• Chair of Health and Care Women’s Leaders Network calls for more work to be done to make senior roles attractive to women
  • Describes gender pay gap progress as “disappointing”
  • Wording of job adverts excludes some potential candidates 

Gender-balanced boards at NHS organisations result in “better care and safer care”, according to the leader of the Health and Care Women’s Leaders Network.

Samantha Allen, chief executive of Sussex Partnership Foundation Trust and chair of the Health and Care Women’s Leaders Network, told HSJ that “work needs to be done” to make senior roles in the NHS more attractive to women.

“Few medical directors and chief financial officers are women,” she said. “We have capable women who would make a significant contribution to those jobs and the NHS needs to be tracking this, there is no data anywhere.”

In 2015 Ed Smith, the previous chair of NHS Improvement, promised to promote gender equality in the health service and said he wanted to see 50 per cent of all senior leadership posts in the NHS held by women.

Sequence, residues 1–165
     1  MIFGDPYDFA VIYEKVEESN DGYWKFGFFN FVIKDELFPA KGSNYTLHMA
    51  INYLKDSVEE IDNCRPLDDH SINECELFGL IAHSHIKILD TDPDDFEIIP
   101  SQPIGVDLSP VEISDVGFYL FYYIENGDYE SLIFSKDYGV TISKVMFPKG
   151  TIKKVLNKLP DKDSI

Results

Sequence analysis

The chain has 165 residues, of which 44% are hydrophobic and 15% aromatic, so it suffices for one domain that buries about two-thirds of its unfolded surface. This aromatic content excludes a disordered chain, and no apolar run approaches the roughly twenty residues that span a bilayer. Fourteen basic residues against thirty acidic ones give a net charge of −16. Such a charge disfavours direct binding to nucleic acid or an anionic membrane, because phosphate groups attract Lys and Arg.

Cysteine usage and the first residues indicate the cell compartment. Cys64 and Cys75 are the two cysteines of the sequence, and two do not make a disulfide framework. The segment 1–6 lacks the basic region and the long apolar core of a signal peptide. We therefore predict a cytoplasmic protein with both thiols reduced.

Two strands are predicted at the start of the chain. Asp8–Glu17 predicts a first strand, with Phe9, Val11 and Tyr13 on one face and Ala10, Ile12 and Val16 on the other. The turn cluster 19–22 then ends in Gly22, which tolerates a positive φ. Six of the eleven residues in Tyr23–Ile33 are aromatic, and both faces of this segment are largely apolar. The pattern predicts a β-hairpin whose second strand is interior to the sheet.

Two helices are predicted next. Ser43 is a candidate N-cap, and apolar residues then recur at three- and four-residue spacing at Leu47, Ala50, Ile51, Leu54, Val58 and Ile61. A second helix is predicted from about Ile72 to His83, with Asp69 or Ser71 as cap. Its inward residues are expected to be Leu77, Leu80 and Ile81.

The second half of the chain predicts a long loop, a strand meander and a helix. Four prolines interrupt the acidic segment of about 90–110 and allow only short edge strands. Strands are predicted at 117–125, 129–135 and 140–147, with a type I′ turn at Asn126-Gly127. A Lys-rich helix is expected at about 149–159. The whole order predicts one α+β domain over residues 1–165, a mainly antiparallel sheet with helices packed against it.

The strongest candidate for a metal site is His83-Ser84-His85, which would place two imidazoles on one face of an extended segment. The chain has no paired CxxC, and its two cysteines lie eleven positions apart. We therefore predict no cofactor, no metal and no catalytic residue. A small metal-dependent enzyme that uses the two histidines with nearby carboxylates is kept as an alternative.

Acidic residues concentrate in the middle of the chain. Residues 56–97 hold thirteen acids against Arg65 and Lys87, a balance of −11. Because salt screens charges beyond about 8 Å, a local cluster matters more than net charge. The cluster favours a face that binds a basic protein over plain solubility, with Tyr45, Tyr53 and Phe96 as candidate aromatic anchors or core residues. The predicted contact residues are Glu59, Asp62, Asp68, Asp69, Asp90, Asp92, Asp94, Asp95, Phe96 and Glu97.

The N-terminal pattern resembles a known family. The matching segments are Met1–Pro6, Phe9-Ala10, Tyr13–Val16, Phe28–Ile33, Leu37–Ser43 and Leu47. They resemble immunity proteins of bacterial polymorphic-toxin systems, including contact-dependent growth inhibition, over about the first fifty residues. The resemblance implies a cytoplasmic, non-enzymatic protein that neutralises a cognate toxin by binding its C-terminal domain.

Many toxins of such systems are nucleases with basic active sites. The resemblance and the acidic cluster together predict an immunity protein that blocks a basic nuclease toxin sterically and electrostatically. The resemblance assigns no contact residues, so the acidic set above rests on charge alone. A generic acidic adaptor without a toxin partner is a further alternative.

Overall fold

Ms Allen said: ”77 per cent of the NHS workforce are female. Roughly 41 per cent are represented at board level. When you look at women in the role they do, they are undervalued in the workplace.

“We need to look at other aspects of diversity too. We know gender-balanced boards and more diverse boards equals better care and safer care as well. We are still not making progress about this.

“[The NHS] is falling behind the private sector. Inclusivity and diversity are better for your sustainability and good for patients, good for safety, good for care.”

She welcomed the government’s mandate for trusts to report on the gender pay gap but said it was “disappointing” that there has only been a “one per cent improvement over the past five years”.

Ms Allen suggested that the wording of job adverts for senior roles, such as for a CFO, exclude people from applying.

“When was the last time you saw a role advertised that was open to job shares and flexible working?,” she said. “Organisations are doing simple things like rewording adverts and making it culturally acceptable to have job shares and people in part time roles.”

Ms Allen stressed the importance of offering flexible working, particularly in mental health trusts where the jobs are “particularly demanding”.

“If we promoted flexible working across the NHS that would retain a number of people,” she said.

She also added that training and development for nurses was an important factor when retaining staff.

“[Due to the loss in central funding] we have needed to get more creative in terms of how we get development opportunities,” she said. “The concern is the future.”